The rise of Blockchain in the new decade
2019 has been an interesting year for Bitcoin, cryptoassets and other blockchain technologies such as Distributed Ledgers (DLT). On an annualized basis, Bitcoin’s return of nearly 100 percent has surpassed almost all traditional financial market products, e.g. US and European stocks, government and corporate bonds, and commodities. In other words, blockchain technology is starting to establish itself again after the crash of 2018 and the industry is at a turning point in 2020 with the COVID-19 pandemic and subsequent economic crisis. With the beginning of a new decade, the blockchain scene is set to go through tectonic shifts, which is why we decided to have a closer look at the main trends in the space and potential benefits for investors to get exposure to this asset class.
When looking back, 2018 was a particularly active year with 297 deals worth about $11.7 billion. This activity has come despite the big crypto crash with an 80% value drop, surpassing the Dot-Com Crash of 2000. Nevertheless, since then the industry has regained its strength with blockchain continuing to disrupt traditional industries and business models.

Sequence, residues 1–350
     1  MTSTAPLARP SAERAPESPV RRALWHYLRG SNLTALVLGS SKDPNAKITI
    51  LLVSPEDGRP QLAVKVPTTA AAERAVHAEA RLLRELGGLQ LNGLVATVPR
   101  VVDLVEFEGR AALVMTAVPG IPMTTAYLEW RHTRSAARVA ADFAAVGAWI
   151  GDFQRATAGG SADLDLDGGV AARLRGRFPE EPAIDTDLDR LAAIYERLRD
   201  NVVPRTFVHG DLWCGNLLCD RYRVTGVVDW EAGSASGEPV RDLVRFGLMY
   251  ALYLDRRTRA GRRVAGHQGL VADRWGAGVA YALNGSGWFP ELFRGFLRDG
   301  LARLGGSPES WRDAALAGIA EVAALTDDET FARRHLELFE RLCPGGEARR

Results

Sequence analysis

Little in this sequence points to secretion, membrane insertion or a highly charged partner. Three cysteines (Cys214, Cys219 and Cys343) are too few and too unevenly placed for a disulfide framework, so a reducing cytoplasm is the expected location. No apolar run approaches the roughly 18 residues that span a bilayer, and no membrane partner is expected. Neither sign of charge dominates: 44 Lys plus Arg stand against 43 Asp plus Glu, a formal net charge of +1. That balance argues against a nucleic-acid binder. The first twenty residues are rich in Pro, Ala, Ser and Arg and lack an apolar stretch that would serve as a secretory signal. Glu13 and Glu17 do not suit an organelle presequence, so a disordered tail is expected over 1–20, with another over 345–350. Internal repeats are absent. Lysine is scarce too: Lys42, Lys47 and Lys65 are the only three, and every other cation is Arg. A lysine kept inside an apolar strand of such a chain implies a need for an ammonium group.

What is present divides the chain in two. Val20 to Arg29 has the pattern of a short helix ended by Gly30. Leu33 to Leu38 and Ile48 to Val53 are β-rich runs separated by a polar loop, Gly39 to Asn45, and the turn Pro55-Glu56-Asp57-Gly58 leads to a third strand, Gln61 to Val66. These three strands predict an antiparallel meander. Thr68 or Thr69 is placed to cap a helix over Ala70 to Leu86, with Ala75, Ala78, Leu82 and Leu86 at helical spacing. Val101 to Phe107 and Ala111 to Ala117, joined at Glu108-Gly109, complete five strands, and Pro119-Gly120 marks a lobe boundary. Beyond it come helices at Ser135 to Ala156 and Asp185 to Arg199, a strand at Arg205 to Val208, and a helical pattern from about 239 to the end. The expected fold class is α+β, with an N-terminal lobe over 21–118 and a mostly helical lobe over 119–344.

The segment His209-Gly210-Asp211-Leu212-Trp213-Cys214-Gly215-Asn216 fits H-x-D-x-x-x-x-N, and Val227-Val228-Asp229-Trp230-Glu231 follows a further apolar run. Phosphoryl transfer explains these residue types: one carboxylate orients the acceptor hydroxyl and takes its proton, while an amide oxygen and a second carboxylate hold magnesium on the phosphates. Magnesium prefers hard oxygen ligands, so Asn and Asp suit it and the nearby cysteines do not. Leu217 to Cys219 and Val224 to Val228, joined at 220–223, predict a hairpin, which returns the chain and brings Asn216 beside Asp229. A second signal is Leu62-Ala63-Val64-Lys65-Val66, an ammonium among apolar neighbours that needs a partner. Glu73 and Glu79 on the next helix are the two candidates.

According to Crunchbase the United States are still the central hub for blockchain, however Germany is set to be the next pioneer for this technology with the new “crypto law” that came into force in early 2020. The new law will reduce regulatory uncertainty, thus attracting startups and investors. Also, the Swiss government proposed updates to the banking, corporate and financial infrastructure laws to accommodate Distributed Ledger Technology (DLT), making it a central hub for the cryptocurrency and blockchain industries in the future.